The current study was conducted in the early stages of the COVID-19 pandemic, i.e., when crisis-induced stress was very likely to occur. The time of widespread outbreaks of infectious diseases can be emotionally challenging and stressful to all persons affected, and in particular those subgroups of the population that are at an increased risk of mental health problems. One such vulnerable group is university students (Wang et al., 2020). Theoretically, high sensitivity to stress among university students is not surprising. Specifically, young university students (aged 18-24 years) are in a transitional developmental stage between late adolescence and adulthood. “Emerging adulthood” is a difficult stage of development as it requires young adults to gain independence and self-sufficiency, as well as to build and maintain intimate relationships. Achieving these important developmental milestones can be stress-arousing and anxiety-provoking (Arnett, 2004; Meadows et al., 2006; Zirkel, 1992; Zirkel & Cantor, 1990). At the same time, all university students, regardless of their developmental stage, have to face stressors associated with academic and financial demands that may have an adverse effect on their mental health (Dusselier et al., 2005). In considering the volume and diversity of demands that students have to deal with, any additional strain can be appraised as particularly negative or threatening.


Taken together, there is a need for a measure of stress that is easy to administer and score and can reliably assess a broad pattern of physiological and psychological responses repeatedly and in real time. Therefore, the first aim of the current study was to develop the Daily Stress Response Scale (DSRS) – a self-report scale designed to assess psychological and physiological reactions to daily stressors, including acute stressors, in a context-free manner. Another aim was to examine the psychometric properties (including factor structure, coefficient omega, and criterion-related validity) of the DSRS. The evaluation of the DSRS factor structure was achieved using confirmatory factor analysis. The evaluation of criterion-related validity was accomplished through the strategy of correlating the DSRS subscale scores with two previously validated self-report measures of stress and several self-report measures of traits related to the construct of stress (depression, anxiety, and suicidality). In considering students’ standing as a vulnerable population in terms of sensitivity to stress, the scale was validated among a large sample of university students during the early stages of the COVID-19 crisis.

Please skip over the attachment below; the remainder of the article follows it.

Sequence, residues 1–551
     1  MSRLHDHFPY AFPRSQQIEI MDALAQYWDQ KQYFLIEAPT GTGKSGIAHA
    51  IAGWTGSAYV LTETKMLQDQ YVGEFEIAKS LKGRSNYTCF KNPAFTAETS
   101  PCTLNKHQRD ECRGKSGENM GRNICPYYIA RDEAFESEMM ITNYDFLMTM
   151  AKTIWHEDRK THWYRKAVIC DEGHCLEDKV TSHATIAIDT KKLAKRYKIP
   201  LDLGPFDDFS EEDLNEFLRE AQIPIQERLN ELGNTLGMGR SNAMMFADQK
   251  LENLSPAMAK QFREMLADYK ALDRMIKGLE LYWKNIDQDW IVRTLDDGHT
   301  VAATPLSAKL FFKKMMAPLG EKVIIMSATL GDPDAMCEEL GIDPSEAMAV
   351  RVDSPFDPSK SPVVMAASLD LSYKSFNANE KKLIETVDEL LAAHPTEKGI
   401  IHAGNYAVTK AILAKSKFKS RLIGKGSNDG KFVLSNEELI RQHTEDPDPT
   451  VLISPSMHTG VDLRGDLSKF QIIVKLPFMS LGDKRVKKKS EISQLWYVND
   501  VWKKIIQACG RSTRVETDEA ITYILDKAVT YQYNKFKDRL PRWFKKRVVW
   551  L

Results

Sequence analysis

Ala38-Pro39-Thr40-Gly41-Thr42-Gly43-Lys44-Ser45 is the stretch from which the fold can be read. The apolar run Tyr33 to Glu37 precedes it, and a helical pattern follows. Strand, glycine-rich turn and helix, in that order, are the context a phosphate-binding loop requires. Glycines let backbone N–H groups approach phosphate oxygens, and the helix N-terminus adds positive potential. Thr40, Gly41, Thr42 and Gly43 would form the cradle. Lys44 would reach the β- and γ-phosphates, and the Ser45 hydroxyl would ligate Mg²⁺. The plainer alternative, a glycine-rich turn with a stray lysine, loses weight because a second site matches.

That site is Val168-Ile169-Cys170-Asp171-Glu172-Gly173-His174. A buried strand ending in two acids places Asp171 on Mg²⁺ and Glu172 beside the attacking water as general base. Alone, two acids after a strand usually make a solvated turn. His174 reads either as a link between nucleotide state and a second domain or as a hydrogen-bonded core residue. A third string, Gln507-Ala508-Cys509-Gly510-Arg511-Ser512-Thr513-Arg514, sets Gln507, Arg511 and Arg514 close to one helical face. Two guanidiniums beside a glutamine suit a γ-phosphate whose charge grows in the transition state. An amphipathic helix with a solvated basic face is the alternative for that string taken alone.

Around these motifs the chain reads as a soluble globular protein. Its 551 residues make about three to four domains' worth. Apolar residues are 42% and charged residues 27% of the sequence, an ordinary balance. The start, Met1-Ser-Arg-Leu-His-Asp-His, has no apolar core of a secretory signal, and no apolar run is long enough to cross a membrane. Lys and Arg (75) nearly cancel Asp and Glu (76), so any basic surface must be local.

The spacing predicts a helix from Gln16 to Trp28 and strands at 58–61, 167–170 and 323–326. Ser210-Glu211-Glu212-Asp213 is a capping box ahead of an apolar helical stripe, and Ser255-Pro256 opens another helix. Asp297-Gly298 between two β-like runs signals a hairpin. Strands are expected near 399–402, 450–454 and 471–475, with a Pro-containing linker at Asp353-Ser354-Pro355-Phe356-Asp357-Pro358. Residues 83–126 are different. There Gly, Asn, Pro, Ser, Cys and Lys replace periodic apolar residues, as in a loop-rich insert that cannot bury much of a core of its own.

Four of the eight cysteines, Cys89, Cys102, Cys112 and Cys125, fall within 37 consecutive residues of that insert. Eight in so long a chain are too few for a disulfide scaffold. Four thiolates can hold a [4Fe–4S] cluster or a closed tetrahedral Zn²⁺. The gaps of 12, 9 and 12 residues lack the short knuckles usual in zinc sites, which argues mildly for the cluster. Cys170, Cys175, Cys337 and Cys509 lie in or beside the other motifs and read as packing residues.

Given that response to stress is a mixture of physiological and psychological processes, we predicted that the DSRS would be best captured by two latent factors – the psychological and physiological stress response. We also predicted that the DSRS scores would form moderate to strong positive correlations with the scores on already established measures of stress. Since those existing instruments consist predominantly of items assessing psychological reactions to stress, we predicted that those correlations would be stronger for the psychological subscale of the DSRS. Further, we predicted that both DSRS subscales would form moderate positive correlations with depression and anxiety scores. Finally, since the relationship between stress and suicidality appears to be indirect (see Cheng & Chan, 2007), we predicted that the DSRS subscales would form weak positive correlations with suicidality. Given the lack of research in the area distinguishing between psychological and physiological responses to stress, we did not form any a priori hypotheses regarding which DSRS subscales would form stronger associations with depression, anxiety, and suicidality.